Under the final rule, a fiduciary may adopt optional means or safe harbors for satisfying the fiduciary responsibilities with respect to decisions on whether to vote proxies. Plan fiduciaries may adopt either or both of the following policies:

  • A policy that voting resources will focus only on particular types of proposals that the fiduciary has prudently determined are substantially related to the corporation’s business activities or are expected to have a material effect on the value of the plan’s investment. 
  • A policy of refraining from voting on proposals or types of proposals when the size of the plan’s holdings in the stock subject to the vote are below quantitative thresholds that the fiduciary prudently determines, considering its percentage ownership of the stock and other relevant factors, is sufficiently small that the matter being voted upon is not expected to have a material effect on the investment performance of the plan’s portfolio (or assets under management in the case of an investment manager).

What’s Not in the Final Rule

The proposal included requirements that the Labor Department has decided not to include. Specifically, while the proposal had provided that a plan fiduciary must vote any proxy where the fiduciary prudently determined that the matter being voted upon would have an economic impact on the plan (after considering certain factors and taking into account the costs involved (including the cost of research, if necessary, to determine how to vote). Additionally, the proposal provided that a plan fiduciary must not vote any proxy unless the fiduciary prudently determined that the matter being voted upon would have an economic impact on the plan (also after considering certain factors and taking into account the costs involved). 

In contrast, the final rule does include specific language to make clear that plan fiduciaries do not have an obligation to vote all proxies, as well as a safe harbor provision, modified from the proposal, “pursuant to which plan fiduciaries may adopt proxy voting policies and parameters prudently designed to serve the plan’s economic interest that provide optional means for satisfying their fiduciary responsibilities regarding determining whether to vote under ERISA sections 404(a)(1)(A) and 404(a)(1)(B).”

Recordkeeping Revision

The Labor Department said it was retaining the general recordkeeping requirement, but is removing the requirement to maintain documents that would be necessary to demonstrate the basis for a vote “to avoid any inferences related to responsibilities in monitoring investment managers.” The final rule requires fiduciaries to maintain records on proxy voting activities and other exercises of shareholder rights, but “in general, the extent of the documentation needed to satisfy the monitoring obligation will depend on individual circumstances.” Additionally, the final rule provides that fiduciaries must exercise “prudence and diligence in the selection and monitoring of persons, if any, selected to advise or otherwise assist with exercises of shareholder rights, such as providing research and analysis, recommendations regarding proxy votes, administrative services with voting proxies, and recordkeeping and reporting services,” though the Labor Department notes that this provision is “essentially a restatement of the general fiduciary obligations that apply to the selection and monitoring of plan service providers.”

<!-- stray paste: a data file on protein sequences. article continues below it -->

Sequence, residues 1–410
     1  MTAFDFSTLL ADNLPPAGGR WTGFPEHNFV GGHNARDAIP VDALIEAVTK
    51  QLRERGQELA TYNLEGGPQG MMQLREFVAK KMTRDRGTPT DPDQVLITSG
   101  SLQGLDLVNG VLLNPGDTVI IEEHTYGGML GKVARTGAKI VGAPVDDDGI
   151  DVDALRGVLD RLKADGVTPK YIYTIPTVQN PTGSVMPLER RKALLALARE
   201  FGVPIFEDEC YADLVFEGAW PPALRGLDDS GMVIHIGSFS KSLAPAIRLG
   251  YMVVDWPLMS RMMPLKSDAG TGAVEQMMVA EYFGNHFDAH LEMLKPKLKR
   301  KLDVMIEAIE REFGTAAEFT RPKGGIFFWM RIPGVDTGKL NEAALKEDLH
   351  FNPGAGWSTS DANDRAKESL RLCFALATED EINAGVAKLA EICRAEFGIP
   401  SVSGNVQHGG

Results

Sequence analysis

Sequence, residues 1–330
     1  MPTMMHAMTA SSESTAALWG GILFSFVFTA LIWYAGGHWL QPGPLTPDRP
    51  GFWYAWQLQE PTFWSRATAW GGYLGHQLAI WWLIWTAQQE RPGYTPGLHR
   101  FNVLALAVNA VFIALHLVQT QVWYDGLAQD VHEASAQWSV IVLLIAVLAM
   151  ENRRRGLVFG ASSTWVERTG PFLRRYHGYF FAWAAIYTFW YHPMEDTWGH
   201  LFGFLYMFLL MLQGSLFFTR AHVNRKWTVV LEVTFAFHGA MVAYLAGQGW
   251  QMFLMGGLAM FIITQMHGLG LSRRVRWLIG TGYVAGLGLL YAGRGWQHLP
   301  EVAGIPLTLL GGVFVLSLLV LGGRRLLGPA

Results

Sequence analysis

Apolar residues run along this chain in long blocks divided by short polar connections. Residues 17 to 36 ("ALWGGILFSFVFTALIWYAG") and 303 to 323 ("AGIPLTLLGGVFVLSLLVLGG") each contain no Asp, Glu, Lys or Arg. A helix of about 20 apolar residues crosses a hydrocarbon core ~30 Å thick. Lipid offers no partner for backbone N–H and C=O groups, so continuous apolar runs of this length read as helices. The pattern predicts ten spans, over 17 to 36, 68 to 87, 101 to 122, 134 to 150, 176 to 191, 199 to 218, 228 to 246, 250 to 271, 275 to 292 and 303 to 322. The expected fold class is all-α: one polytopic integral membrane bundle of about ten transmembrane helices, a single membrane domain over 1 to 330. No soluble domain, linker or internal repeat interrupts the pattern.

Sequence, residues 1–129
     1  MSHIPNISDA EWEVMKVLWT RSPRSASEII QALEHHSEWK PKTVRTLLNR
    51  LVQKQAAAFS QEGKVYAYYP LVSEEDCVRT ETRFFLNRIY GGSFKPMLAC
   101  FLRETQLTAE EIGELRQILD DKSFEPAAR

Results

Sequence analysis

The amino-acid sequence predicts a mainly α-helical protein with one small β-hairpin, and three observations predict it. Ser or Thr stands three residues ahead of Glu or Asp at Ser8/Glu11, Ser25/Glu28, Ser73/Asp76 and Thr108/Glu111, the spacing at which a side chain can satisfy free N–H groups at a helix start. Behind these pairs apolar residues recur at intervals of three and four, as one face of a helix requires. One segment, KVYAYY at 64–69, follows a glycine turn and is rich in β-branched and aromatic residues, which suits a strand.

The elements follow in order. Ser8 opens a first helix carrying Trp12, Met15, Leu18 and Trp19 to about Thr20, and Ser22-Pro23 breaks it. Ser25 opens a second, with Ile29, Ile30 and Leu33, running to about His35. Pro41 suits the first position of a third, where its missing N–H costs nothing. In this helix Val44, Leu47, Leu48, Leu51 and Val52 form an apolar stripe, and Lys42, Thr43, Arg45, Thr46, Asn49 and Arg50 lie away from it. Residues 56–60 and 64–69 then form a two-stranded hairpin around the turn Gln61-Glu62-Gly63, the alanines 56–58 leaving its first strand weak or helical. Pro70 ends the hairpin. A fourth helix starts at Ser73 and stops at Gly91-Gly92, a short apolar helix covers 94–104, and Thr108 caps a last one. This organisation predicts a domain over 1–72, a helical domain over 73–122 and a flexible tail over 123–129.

Effective Date

The final rule will be effective 30 days after publication in the Federal Register and applies to exercises of shareholder rights after such date. The final rule, however, includes two later compliance dates in response to concerns about the feasibility of complying with certain provisions: 

  • Fiduciaries which are not SEC-registered investment advisers have until Jan. 31, 2022, to comply with the new requirements to evaluate material facts providing the basis for exercising a right and to maintain records on proxy voting activities. 
  • SEC-registered investment advisers must comply as of the 30-day applicability date, however, as these requirements are intended to align with their existing obligations under the Investment Advisers Act. 
  • All fiduciaries have until Jan. 31, 2022, to comply with the requirements that fiduciaries review service provider proxy voting guidelines prior to following their recommendations to determine that the guidelines are consistent with their obligations under the rule, and the requirements pertaining to investment managers of pooled investment vehicles.

Since the overall rule will become effective 30 days after publication, likely making it effective before presumptive President Joe Biden takes office on Jan. 20, 2021, that might make it harder for the Biden administration to pull back at that point.

[i] The Labor Department notes that from 2011 through 2017, shareholders submitted 462 environmental proposals and 841 social shareholder proposals, and resubmitted at least once 41% of environmental and 51% of social proposals, and that it “believes it is likely that many of these proposals have little bearing on share value or other relation to plan financial interests.” 

[ii] For those wondering about the rationale for issuing the rule, the Labor Department had said it was concerned that its 1988 Avon Letter and “subsequent sub-regulatory guidance” had resulted in a “misplaced belief among some stakeholders that fiduciaries must always and in every case vote proxies, subject to limited exceptions, in order to fulfill their obligations under ERISA.”

[iii] The Department invited interested persons to submit comments on the proposed rule, and in response received approximately 300 written comments from a variety of parties, including plan sponsors and fiduciaries, plan service and investment providers (including investment managers and proxy voting firms), and employee benefit plan and participant representatives. The Department also received approximately 6,700 submissions in response to petitions.